“Separatism” replaced by “Internationalism”

“Separatism,” and pursuing a “manifest destiny” to encourage the emancipation of “the whole human race,” was the official policy of the United States for the first 125 years of its history.

Nevertheless, there were powerful influences congregating in the United States, particularly in financial circles, which wanted America in the thick of things, world-wide. Their opportunity came with the eruption of World War I. Congressional investigations by the Reece Committee revealed that long before the Lusitania sinking, these influences were agitating for U.S. involvement.

Although the United States narrowly avoided becoming a member of the League of Nations after World War I, the sage was set for an accelerated involvement of the United States, both economically and politically, in foreign quarrels. (Skousen 274-275)

 

Next, Founding Principles of America 26: Protecting the Role of the Family

Founding Principles of America 24: Peace through Strength

church-state2-reagan‘The book Reagan wanted
taught in high schools’

In “The 5000 Year Leap: A Miracle That Changed the World,” you will discover the 28 principles of freedom America’s Founding Fathers said must be understood and perpetuated by every society that desires peace, prosperity and freedom. Learn how adherence to these beliefs during the past 200 years has brought about more progress than was made in the previous 5,000 years.

This book describes the problems the Founding Fathers dealt with and how philosophies and ideals collided to form the United States of America. The skills and prosperity of the Jamestown settlers in 1607 greatly contrast those of society after the enactment of the United States Constitution.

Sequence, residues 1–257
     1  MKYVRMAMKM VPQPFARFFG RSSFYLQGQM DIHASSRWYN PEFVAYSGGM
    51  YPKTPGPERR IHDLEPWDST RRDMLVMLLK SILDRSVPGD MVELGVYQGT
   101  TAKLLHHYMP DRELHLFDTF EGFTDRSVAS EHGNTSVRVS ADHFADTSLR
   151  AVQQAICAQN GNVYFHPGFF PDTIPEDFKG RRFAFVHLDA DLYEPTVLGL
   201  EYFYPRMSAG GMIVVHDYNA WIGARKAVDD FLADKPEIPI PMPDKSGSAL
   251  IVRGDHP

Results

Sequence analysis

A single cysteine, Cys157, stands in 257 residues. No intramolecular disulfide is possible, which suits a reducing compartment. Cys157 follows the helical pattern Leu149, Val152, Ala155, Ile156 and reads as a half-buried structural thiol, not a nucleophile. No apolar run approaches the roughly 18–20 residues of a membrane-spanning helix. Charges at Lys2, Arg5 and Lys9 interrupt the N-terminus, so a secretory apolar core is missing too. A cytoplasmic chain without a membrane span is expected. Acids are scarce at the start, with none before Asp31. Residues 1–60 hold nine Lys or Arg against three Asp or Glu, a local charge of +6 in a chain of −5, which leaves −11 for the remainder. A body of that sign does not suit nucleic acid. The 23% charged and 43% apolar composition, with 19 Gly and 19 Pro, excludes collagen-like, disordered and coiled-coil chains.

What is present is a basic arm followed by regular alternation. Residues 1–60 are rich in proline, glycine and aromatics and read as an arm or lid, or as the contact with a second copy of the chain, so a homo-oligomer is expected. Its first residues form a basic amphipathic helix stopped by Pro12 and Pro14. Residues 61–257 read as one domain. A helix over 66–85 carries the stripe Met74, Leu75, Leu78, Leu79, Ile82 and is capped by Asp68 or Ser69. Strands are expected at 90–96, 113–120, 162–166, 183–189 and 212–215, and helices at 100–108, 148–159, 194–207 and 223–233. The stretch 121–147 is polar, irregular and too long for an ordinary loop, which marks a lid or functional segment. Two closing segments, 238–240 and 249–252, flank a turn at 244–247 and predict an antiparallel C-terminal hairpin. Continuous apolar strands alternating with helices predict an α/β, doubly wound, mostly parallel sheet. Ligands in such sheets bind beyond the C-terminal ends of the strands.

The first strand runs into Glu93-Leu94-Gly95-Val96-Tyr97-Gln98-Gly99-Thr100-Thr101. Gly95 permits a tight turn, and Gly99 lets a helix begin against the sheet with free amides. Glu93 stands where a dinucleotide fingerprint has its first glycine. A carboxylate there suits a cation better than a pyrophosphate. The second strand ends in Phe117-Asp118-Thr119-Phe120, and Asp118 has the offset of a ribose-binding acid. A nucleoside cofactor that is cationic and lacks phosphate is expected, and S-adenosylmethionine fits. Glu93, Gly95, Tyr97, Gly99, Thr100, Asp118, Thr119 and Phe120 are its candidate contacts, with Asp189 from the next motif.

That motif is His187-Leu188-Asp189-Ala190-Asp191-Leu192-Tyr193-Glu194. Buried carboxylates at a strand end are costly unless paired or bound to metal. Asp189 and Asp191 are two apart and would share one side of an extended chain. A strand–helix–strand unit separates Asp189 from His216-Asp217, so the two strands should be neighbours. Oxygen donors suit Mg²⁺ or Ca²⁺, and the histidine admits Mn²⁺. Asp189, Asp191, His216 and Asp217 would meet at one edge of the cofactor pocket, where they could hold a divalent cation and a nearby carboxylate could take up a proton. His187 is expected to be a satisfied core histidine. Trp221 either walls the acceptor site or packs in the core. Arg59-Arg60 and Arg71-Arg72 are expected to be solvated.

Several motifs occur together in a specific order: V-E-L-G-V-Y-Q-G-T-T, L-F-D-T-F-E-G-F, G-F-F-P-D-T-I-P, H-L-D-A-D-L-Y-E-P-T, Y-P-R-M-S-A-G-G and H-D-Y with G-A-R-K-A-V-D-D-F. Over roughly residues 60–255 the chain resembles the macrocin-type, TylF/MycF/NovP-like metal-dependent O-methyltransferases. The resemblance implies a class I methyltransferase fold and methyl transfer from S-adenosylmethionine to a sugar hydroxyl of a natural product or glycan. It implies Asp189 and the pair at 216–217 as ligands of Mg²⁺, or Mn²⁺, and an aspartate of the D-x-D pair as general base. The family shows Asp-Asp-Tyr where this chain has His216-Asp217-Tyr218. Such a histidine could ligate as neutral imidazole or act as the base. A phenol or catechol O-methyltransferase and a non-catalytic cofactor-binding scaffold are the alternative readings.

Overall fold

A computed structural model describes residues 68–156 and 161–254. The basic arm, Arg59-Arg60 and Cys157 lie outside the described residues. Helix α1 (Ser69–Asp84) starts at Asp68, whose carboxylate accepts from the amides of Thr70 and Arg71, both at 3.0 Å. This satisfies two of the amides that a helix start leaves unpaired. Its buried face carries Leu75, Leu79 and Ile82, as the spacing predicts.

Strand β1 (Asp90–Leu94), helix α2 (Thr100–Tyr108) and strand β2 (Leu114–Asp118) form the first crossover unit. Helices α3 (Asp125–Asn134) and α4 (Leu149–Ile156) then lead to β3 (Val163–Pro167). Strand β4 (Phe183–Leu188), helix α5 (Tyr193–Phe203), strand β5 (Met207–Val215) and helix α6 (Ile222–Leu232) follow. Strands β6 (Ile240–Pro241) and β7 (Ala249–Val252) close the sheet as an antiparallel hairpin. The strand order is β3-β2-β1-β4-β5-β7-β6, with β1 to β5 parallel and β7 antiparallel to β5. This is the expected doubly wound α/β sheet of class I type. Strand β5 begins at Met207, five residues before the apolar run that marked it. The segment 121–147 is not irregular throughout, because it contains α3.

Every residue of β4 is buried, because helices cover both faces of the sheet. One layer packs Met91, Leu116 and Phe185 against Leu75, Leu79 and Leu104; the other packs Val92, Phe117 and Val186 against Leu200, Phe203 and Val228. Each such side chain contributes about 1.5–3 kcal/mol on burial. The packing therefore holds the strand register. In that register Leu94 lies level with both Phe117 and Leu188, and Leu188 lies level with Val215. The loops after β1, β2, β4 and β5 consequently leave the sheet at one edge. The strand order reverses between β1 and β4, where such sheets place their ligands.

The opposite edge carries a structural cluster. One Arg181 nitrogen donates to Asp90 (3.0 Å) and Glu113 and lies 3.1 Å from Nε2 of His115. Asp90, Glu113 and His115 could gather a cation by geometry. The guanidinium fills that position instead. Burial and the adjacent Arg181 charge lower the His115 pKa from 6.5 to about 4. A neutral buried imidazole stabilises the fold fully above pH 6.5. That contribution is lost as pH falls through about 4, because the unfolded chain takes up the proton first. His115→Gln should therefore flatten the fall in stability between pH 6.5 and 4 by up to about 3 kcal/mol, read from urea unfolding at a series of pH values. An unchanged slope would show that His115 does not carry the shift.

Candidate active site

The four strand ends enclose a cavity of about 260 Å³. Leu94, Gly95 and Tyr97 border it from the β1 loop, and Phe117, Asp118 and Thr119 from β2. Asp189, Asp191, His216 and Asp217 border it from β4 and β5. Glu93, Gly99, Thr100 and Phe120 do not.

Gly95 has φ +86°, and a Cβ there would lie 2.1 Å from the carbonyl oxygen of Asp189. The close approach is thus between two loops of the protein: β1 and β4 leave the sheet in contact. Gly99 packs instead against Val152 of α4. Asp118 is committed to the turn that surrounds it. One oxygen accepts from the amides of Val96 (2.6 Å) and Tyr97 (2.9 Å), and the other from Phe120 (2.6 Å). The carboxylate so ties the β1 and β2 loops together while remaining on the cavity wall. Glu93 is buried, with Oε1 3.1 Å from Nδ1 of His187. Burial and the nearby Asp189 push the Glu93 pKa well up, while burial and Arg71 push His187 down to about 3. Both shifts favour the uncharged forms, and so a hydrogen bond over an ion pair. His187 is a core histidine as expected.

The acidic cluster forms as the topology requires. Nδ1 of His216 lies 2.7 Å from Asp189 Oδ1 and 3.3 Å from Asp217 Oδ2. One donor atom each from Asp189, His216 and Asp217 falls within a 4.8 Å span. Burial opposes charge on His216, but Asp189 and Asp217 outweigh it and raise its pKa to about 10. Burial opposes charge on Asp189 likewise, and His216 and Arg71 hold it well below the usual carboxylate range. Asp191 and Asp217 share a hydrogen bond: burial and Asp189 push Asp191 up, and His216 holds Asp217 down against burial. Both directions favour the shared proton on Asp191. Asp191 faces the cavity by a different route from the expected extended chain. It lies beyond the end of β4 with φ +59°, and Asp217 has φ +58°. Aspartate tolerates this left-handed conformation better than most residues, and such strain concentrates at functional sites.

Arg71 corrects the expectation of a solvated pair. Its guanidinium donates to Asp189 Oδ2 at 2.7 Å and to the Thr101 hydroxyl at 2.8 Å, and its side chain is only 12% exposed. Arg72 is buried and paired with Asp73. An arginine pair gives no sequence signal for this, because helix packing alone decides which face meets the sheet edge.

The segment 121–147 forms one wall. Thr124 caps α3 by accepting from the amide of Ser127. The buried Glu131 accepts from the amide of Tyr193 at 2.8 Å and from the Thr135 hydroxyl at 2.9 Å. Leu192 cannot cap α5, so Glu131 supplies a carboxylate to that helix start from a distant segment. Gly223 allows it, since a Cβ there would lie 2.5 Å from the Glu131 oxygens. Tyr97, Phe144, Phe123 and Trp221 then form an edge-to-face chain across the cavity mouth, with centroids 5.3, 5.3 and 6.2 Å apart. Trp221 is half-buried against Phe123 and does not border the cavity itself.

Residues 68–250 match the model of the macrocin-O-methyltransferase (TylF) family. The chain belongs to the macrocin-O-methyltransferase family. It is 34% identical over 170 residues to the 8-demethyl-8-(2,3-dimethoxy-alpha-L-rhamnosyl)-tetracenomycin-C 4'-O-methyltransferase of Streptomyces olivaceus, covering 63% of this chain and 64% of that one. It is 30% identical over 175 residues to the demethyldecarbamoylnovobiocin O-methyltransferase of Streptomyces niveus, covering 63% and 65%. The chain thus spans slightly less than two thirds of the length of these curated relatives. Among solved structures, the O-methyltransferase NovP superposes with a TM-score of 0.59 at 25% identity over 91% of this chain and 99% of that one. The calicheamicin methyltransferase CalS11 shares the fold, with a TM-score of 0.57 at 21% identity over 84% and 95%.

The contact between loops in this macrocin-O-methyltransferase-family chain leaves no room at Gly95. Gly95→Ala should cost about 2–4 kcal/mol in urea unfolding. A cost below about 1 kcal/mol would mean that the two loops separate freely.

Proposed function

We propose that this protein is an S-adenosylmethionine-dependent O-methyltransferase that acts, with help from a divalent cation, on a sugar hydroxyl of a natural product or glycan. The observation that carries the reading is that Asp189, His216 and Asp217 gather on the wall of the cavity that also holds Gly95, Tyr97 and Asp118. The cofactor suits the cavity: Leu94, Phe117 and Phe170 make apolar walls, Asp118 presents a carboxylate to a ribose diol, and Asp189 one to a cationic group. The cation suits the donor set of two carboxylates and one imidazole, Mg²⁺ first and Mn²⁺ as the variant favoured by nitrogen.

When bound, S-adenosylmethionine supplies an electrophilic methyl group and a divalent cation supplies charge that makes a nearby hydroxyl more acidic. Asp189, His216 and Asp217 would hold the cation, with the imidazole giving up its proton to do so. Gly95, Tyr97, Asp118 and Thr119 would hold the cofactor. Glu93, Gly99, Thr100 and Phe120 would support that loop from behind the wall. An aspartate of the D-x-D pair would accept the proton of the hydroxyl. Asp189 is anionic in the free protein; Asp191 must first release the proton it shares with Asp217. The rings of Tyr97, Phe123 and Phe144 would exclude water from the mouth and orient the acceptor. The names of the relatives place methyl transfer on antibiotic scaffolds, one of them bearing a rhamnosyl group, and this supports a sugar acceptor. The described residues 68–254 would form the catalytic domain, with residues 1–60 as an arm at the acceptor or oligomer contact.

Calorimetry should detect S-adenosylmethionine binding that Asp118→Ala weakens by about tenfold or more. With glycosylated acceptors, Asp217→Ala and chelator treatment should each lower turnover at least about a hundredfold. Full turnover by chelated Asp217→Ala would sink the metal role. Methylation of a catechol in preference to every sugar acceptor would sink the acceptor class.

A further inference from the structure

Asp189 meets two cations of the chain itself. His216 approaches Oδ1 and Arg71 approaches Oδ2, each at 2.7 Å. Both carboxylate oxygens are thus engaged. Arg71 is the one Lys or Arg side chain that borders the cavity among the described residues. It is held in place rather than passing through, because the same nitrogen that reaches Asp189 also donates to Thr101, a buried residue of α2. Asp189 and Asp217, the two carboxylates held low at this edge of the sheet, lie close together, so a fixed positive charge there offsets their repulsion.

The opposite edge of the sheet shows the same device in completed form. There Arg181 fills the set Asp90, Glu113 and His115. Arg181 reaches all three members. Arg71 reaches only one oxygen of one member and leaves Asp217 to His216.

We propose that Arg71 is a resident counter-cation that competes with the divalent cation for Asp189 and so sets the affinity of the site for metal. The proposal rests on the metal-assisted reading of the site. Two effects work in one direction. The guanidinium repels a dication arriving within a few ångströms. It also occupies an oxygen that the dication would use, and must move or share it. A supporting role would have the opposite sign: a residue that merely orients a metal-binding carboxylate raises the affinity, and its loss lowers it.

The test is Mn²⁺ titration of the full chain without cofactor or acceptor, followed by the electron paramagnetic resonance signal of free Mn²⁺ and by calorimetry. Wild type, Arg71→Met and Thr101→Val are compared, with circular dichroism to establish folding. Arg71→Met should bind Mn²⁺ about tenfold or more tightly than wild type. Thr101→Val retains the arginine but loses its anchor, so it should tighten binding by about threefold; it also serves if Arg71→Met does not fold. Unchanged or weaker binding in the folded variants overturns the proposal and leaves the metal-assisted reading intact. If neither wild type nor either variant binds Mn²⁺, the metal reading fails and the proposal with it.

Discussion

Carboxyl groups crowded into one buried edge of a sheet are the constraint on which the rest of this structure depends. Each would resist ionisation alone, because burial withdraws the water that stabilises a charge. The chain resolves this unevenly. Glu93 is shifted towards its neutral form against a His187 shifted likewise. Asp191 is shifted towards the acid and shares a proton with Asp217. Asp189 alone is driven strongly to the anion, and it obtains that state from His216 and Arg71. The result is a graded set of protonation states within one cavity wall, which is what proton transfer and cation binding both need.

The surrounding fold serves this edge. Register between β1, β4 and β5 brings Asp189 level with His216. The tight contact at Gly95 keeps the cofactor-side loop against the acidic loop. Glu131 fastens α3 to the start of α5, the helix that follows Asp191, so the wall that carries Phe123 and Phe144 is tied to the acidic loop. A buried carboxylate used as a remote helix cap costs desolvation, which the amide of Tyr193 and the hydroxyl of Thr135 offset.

Shortly after the Constitution was enacted, a free-enterprise system – an economy with little government influence that flourishes with competition of businesses – was established. It is because of this system that America became the most advanced and powerful country that world history has known.

After highlighting the importance of the nation’s foundation, Skousen covers in detail what went into the design of the Constitution. Surveying the original sources for the principles that inspired the United States, the author shows how the Founders developed these principles from the studies of Cicero, Locke, Montesquieu and Adam Smith.

Skousen also contrasts the affluence of the young United States with that of the present day, showing that it was because of the free-enterprise system that America produced such astounding inventions and ideas, from jet propulsion to the doubling of life expectancy. Within this narrative of success, Skousen weaves the story of America as a Christian nation, guided by divine providence and created for the liberty and rights of mankind.

This book also analyzes problems throughout history (such as national debt) that have come from failing to adhere to the Constitution.

5000leap“The 5000 Year Leap” gives the reader a greater understanding of the origins of the United States of America, the consequences of deviating from the principles on which it was founded and all the characteristics that have made this nation great.

 

Founding Principles of America: 28 Great Ideas that changed the world

The practical application of this book review of Skousen educated wisdom is to leverage “We, The People’s” knowledge to easily expose ignorance, anarchy and tyranny, and hold the government accountable.

 

 The 5,000 Year Leap—A Miracle that Changed the World

By W. Cleon Skousen

Parenting: Teaching Loyalty

Parenting: Teaching Loyalty & Dependability

Dinner Topics for Tuesday

By Richard and Linda Eyre

Loyalty to family, to employers, to country, church, schools, and other organizations and institutions to which commitments are made. Support, service, contribution. Reliability and consistency in doing what you say you will do.

Parenting Value for January: Loyalty and Dependability Part 1

family4General Methods for teaching Dependability and Loyalty

So . . . loyalty and dependability means doing what is right even when it is hard (and even if it means missing a party).